If you have global conflicts messing up conventional relationships of trade and access to inventory business leadership sporting the MBA degrees should wake up and anchor down higher priority on establishing supplier relationships right here in the homeland.
Yes, we have faced the challenges of a Pandemic in the middle of it all, but the need for product right now… very specifically as it relates to house & home, food supply, educational support and family travel options is hot right now.
Aging Boomers too is increasing pressure on health & wellness products and healthy elements of food supply.
The evolution of the consumer marketplace and the demand for supply and access is a major trend factor that right now is challenging the staid historic brands to embrace perhaps the very roots of just what is the foundation of the brand.
The fact that Home Depot and Lowe’s struggle to get Millennials to stay loyal when the inventory is not available and Amazon now moving into actually building brick and mortar grocery stores should be grabbing the attention of C-level management as well as the young, innovative, post-pandemic entrepreneurs.
The digital store-fronts are now just part of the distribution mix. They are not replacing the physical store-fronts. In some cases, the mom & pop retailers are more hip than the digital storefronts.
High Tech and High Touch do co-exist… and if not in balance … self-correct.
If you happen to own business office buildings right now or sit in charge of a community’s economic development, the next major agent at work should be grabbing your attention too.
The Integration of Mobile Technology into Our Day-to-day Lifestyle & Workplace
There might be a few Millennials reading this that remember when businesses integrated in casual dress in the workplace.
Gone were the suits and ties and in were Khakis and even golf polo shirts…. maybe even jeans on Fridays!
I contend that there was actually a relationship dynamic between the advent and expansion of Starbucks and businesses adopting a casual dress code.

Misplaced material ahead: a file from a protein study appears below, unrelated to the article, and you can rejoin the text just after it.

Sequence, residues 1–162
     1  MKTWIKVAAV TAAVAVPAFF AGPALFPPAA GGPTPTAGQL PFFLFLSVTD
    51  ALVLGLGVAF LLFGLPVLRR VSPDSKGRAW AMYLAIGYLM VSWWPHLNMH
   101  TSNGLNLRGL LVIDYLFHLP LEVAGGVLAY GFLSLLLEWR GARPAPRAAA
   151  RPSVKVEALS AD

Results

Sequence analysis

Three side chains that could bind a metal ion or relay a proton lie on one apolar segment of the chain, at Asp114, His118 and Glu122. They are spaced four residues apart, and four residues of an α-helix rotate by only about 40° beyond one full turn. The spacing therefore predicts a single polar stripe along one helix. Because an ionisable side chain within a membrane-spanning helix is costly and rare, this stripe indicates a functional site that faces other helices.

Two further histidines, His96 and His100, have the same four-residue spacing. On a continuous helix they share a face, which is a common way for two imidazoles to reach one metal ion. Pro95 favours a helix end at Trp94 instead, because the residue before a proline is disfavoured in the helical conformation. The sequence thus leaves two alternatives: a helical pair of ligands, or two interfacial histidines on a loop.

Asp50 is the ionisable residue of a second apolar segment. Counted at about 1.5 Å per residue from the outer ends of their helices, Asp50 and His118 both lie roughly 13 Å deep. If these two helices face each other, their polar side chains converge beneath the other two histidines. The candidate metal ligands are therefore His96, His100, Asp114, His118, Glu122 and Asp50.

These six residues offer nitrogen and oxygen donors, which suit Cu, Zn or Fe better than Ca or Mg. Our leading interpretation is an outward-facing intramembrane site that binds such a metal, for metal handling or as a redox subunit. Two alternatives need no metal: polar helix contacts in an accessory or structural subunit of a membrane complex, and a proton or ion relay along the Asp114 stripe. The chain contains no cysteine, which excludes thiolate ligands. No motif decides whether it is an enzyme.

The impact of mobile technology is way, way more impacting the marketplace than many understand.
Many marketing firms continue to view the marketplace in a limited spectrum of digital and social media marketing. Many marketers continue to allocate large shares of their budgets to app development.
Very few in business leadership have a grasp on the big picture of what is taking place right before us.
Again, the Pandemic only highlighted and added a shot of caffeine to a mega-trend that was already in motion.
It’s not just conversation that is now mobile, but dialogues, relationships and even program development and implementation.
The impact of this mega-trend is way more complex than corporations allocated a day or two a week to work-at-home days.
The relationship of how employees interact — even how employment is being re-defined — is being re-configured.
The physical geographics of business operations are essentially being eliminated.
I am writing this blog in co-working space… space that real estate developers are blind not to be developing right now at record-pace!
Someone asked me at a Chamber of Commerce event if the Millennials I share the co-working space with are all in the process of trying to find permanent jobs or are just entrepreneurs trying to start their own businesses.
I laughed and said, no, they are actually working and interacting with other corporate employees that they manage and make $100K+ in doing so.
The physical constraints of business operations have been removed and employees today are just as liberated in how they interact with others as they are now free to wear casual clothes to work.
An article is running in today’s Wall Street Journal that highlights the growth of the suburbs and rapidly expanding “exurban” small towns.
The small town downtowns and the mom & pop store fronts and the made-from-scratch restaurants… are all coming back.
And while affordability is driving part of the migration, the liberation of workspace is even more so at work.
Where We Go Next…
These three trend factors together form a context that all business and community discussions need to embrace.
These are factors that will drive the marketplace over the course of the remainder of this decade. It’s a mega-trend that brands either embrace or get run-over and fall out of the mix.
The changes are societal, physical, economic and relational.
Technology is only an underlying factor … brands that embrace the grander scheme are the ones that will survive and win.
I am driven more today by the great opportunities ahead for the businesses that wake up to what is happening right smack in their midst.